How to Design the Perfect Woven Label for Your Clothing Line

custom woven labelsWe speak a lot about the importance of branding for clothing brands and the role that labelling and packaging plays in continuing to tell your company’s story. When it comes to labelling specifically, maybe the most important, and definitely the most recognized, part of your branding is the logo.

Your brand logo is what identifies your brand to the customer. This means that coming up with a brand logo design is central to getting consumers to buy into your clothing. When it comes to clothing companies, custom woven labels are the most common type of label branding. They are intricate and show the attention to detail that most consumers expect from a clothing line.

Just what goes into creating the perfect woven clothing label? While every brand will have its own style, there are some features that we can point out that will help your clothing and apparel brand design a perfect label.

5 Points to Consider when Designing Your Custom Woven Label

When putting together the ideas for your clothing brand’s label, here are a few points you might want to consider.

1.Look at Other Brand Logo Designs

Before you even get started on your own woven label design, a great place to get ideas is right inside of your own closet. Grab a bunch of clothes off the hangers and break down their logo designs. Take note of the size, colour patterns, and where on the clothing the woven label is placed. You’re not trying to reinvent the wheel with your custom label and there’s nothing wrong with finding inspiration from brands with which you already share a connection.

2.Find a Size That Works for Your Custom Label

Figuring out the size of your label is crucial to the design of your logo. You first have to know what you plan to include on your label before finalizing a size. If you plan on adding a lot of information, then you’ll need a fair amount of space. Be careful, though. You don’t want to squeeze in too much information on your label. It will make the design look jumbled and even messy.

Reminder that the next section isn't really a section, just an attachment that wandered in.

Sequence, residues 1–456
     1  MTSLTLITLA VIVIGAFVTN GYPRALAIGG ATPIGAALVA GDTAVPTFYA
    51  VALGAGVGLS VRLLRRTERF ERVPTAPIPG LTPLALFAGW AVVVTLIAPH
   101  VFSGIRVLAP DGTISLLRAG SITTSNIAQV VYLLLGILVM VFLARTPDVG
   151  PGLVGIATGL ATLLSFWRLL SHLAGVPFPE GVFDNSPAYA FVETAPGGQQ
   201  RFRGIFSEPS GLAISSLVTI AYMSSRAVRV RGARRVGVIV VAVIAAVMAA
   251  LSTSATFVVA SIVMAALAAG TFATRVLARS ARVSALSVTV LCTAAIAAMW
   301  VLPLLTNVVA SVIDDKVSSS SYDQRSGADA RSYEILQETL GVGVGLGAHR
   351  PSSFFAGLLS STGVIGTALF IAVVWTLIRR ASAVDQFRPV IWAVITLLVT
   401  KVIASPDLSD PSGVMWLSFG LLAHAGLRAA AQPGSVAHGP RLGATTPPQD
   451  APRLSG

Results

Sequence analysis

3.Use Contrasting Colours

We can’t stress enough about the importance of colour selection when designing your woven labels. You want your labels to stand out, and one sure way to do that is by using contrasting colour schemes. The thing is that you need to stay true to your overall brand. Being creative and distinct is good, but don’t do so at the cost of sacrificing your brand’s visual image.

4.Think about the Position of the Clothing Label

The label’s position goes hand in hand with the size. Knowing the location on the garment to place the label for it to be subtle yet still have a visual impact on the consumer is something you need to take your time with. It also depends somewhat on availability of space. You don’t want the label to disrupt your overall design; you want it to fit in seamlessly.

5.Include the Care Instructions

carelabelsA clothing label not only says a lot about the brand, but it can also say a lot about the garment itself. It’s important to include labels that detail the correct care and washing instructions according to the commercial regulations and they type of fabric. If the garment is delicate and requires a certain type of care, consumers need to know. Proper care can also make all the difference in extending the lifespan of a piece of clothing and in solidifying a consumer’s loyalty to a brand.

To know more about the labelling requirements in various countries, please click here.

The Unique Group knows all about creating custom woven labels. We work with some of the most recognizable brands in the country and around the world who trust us to produce labels that stand out in their markets. Whether it’s assessing packaging colour trends or doing research to find the right design to separate your brand from its competitors, The Unique Group has the skill and the technology to get the job done.

You can view our portfolio online or contact The Unique Group today. Plus, you can stay updated on our products by following us on Facebook, Twitter, LinkedIn, and Pinterest.